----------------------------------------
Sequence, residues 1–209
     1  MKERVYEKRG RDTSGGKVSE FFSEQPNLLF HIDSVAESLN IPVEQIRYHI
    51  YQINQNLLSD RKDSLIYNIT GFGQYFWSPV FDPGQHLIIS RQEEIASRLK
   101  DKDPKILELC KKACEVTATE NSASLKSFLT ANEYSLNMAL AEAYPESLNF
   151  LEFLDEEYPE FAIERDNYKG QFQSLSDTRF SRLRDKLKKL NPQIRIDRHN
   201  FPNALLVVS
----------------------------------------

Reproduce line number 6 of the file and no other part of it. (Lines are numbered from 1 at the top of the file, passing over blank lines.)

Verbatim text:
   201  FPNALLVVS